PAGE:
EXPENSIVE PILE OF SCRAP
Marks 43rd Anniversary, End of "Old" Coronado
By Joe Ditler
In her prime, the ferryboat San Diego was taken for granted, as were her four sister ships.
But now, we see just how effectively they protected the small-town magic of Coronado.
Photo courtesy Coronado Public Library and the Frank Jennings Collection.
ALAMEDA, CA - From backyard to bone yard to scrapyard, the ferryboat M.V. San Diego has been slowly whittled down to a few buckets of scrap iron. The well-documented demise of the familiar old boat ends here, on the 43rd anniversary of her forced retirement as a San Diego-Coronado ferryboat.
On August 2, 1969 the car-carrying ferryboats ceased to operate in our waters. On that night, at midnight, the ferry engines went cold, the Coronado Bridge opened. On that night we said good-bye to the romantic old ferryboats and to the small town of Coronado.
"The sound of her whistle on a foggy night,
of her chains rattling, pilings creaking,
and cars driving over old wooden planks
lulled us to sleep like a heartbeat in the womb."
In hindsight, it is so easy to see how the slow and methodical ferryboats had kept Coronado’s small town character glued together, staving off an inevitable and uncontrollable growth.
Last week, word was received from the California State Lands Commission that it cost more than $636,000 to demolish the ferryboat San Diego. Her scrap metal steel was sold for roughly $168,000, which brought the overall demolition costs to nearly half a million dollars – a figure believed to be $100,000 more than it cost to build the boat in 1931.
Slowly but steadily the once magnificent ferryboat San Diego was whittled down to this small pile of scrap iron. This is the last photo ever taken of the ferryboat. Photo courtesy California State Lands Commission.
These costs do not include the hundreds of man hours by commission staff spent inspecting the vessel, researching her long list of alleged owners, and orchestrating the complicated process of literally removing a vessel of that size from existence. It also did not include the expensive costs of a trespass suit brought by the commission to obtain rights for the boat.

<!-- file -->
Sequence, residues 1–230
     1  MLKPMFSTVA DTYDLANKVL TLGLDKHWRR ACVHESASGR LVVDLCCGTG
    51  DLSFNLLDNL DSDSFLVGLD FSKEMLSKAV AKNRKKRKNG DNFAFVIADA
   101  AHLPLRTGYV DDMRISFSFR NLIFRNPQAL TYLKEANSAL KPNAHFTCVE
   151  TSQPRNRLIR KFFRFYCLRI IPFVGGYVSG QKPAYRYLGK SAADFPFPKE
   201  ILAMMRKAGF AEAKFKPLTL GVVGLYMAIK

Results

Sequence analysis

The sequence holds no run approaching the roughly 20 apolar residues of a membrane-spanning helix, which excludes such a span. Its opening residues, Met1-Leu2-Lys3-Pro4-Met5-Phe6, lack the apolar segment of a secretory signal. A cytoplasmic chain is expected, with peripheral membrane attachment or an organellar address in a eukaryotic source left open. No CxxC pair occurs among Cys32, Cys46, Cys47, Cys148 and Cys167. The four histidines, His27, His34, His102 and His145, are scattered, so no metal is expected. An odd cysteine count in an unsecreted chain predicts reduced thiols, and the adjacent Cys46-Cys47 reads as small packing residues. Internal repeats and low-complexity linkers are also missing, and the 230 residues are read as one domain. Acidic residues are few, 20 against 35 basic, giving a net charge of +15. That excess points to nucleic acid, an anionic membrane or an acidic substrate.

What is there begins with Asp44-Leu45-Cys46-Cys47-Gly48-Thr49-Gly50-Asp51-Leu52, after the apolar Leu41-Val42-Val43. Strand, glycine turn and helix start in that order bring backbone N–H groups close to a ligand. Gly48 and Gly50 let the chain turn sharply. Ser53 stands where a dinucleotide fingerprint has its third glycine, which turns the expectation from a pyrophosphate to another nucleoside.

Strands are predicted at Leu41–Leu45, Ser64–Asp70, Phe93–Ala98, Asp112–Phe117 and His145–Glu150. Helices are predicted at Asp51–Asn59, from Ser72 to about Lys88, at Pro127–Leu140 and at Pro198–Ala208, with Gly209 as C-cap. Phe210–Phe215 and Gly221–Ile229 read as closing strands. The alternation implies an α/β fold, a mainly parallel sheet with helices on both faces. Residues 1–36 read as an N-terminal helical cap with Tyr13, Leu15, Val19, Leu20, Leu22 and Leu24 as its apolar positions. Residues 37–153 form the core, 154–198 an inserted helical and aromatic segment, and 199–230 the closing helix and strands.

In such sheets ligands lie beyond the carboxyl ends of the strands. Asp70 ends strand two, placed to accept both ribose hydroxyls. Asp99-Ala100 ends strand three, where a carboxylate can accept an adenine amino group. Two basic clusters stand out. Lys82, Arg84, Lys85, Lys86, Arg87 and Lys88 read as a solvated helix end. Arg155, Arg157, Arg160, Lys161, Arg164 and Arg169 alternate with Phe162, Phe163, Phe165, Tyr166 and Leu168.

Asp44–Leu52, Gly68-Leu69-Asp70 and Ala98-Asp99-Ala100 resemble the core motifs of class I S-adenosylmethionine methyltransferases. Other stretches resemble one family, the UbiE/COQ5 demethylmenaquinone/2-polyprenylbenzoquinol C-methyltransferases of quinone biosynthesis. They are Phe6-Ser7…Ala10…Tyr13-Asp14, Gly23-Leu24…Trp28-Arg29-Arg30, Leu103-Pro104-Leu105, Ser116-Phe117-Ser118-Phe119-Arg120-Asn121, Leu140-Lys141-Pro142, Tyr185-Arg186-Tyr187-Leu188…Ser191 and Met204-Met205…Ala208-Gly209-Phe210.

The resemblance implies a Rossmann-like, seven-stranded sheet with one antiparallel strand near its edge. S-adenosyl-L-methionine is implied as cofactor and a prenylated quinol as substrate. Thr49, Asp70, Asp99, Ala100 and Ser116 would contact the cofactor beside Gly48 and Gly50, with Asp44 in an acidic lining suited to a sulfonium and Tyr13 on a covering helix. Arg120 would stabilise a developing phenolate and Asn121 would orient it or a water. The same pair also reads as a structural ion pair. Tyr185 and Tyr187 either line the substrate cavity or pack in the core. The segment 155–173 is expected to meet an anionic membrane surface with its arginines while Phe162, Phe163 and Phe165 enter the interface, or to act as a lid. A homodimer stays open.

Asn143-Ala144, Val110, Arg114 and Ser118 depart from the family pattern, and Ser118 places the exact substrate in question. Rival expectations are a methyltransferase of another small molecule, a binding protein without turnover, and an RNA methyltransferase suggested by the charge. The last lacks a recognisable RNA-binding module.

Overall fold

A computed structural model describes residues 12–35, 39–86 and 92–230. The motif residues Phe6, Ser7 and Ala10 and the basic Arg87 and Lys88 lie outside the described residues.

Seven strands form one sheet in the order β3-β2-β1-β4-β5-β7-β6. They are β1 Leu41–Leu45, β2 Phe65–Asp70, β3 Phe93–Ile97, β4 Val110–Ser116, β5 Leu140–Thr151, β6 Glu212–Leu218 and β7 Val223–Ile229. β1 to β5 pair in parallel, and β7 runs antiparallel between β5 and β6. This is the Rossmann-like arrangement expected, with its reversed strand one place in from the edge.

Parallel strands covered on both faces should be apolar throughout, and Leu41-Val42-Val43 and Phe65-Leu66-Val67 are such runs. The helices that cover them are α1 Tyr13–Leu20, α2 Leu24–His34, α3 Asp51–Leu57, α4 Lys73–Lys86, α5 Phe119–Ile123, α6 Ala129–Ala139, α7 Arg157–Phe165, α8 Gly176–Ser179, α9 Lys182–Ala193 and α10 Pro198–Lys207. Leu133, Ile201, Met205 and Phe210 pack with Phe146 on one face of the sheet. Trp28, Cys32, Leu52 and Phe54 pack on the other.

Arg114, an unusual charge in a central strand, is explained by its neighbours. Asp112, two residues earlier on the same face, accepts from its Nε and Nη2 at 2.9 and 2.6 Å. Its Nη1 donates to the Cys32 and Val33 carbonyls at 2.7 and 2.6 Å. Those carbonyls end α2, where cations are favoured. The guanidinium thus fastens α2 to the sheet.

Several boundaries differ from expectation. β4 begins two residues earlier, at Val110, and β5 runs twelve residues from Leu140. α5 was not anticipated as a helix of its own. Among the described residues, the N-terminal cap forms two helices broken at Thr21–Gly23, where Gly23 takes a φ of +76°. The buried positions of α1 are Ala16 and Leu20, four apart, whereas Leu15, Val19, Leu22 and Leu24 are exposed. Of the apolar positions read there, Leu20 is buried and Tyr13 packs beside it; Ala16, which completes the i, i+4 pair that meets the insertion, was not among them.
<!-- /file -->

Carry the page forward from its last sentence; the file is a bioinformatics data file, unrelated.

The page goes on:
The ferryboat San Diego will never again appear in a headline or news article, unless it is in historical reference. In her prime she sported immaculate white paint with emerald isle green trim and shuttled us back and forth, to and fro, never complaining, never asking for a day off, never asking for a raise.
The sound of her whistle on a foggy night, of her chains rattling, pilings creaking, and cars driving over old wooden planks lulled us to sleep like a heartbeat in the womb.
The ferryboat’s final “voyage” has been chronicled in great detail over the past six months as she went from being a derelict vessel and a hazard to navigation on the Sacramento River (San Francisco) to the scrapyard for complete and thorough demolition.
In 1931 the M.V. San Diego – measuring 191 feet on deck (LOA), 43.5 feet wide and drawing 14 feet – made her way to San Diego from Oakland under power from her three 350-hp diesel-electric engines. She barely survived a storm rounding Point Arguello that nearly ended her career before it had begun.
Headed south around Point Arguello on her maiden voyage (1931), with the owner's car
strapped to the deck, the ferryboat San Diego nearly didn't make her destination
of San Diego. Photo courtesy Coronado Public Library.
At this point there is a lot of “what if” taking place on Facebook and the Internet. “What if we could have brought her back? What if we could have saved her?”
While it would have been cheaper than buying the Padres, bringing that ferryboat back to Coronado was a pipe dream, a dream that others had tried and failed at. Like small town Coronado, the Great Ferryboat Era had been left in the dust of what once was. Denial of that is but a vain grasping at the wind.
Time marches on, we embrace the future, but we honor our past. Thanks to the enormous reach of the Internet, many people have documented the ferryboat San Diego and, in fact, the Great Ferryboat Era. This has been through first-hand descriptions, through photos and ephemera dealing with the era, and through the most moving accounts from those who remember.
The once-glorious old working ship M.V. San Diego will be forever documented in the halls of the Coronado Public Library for everyone to see and enjoy, for generations to explore. The price to cross the bay of history on a ferryboat of memory? A library card. For more information visit www.coronado.ca.us/library.
The ferryboat San Diego prepares to leave the Coronado Ferry Landing.
Photo taken by the author - summer of 1966.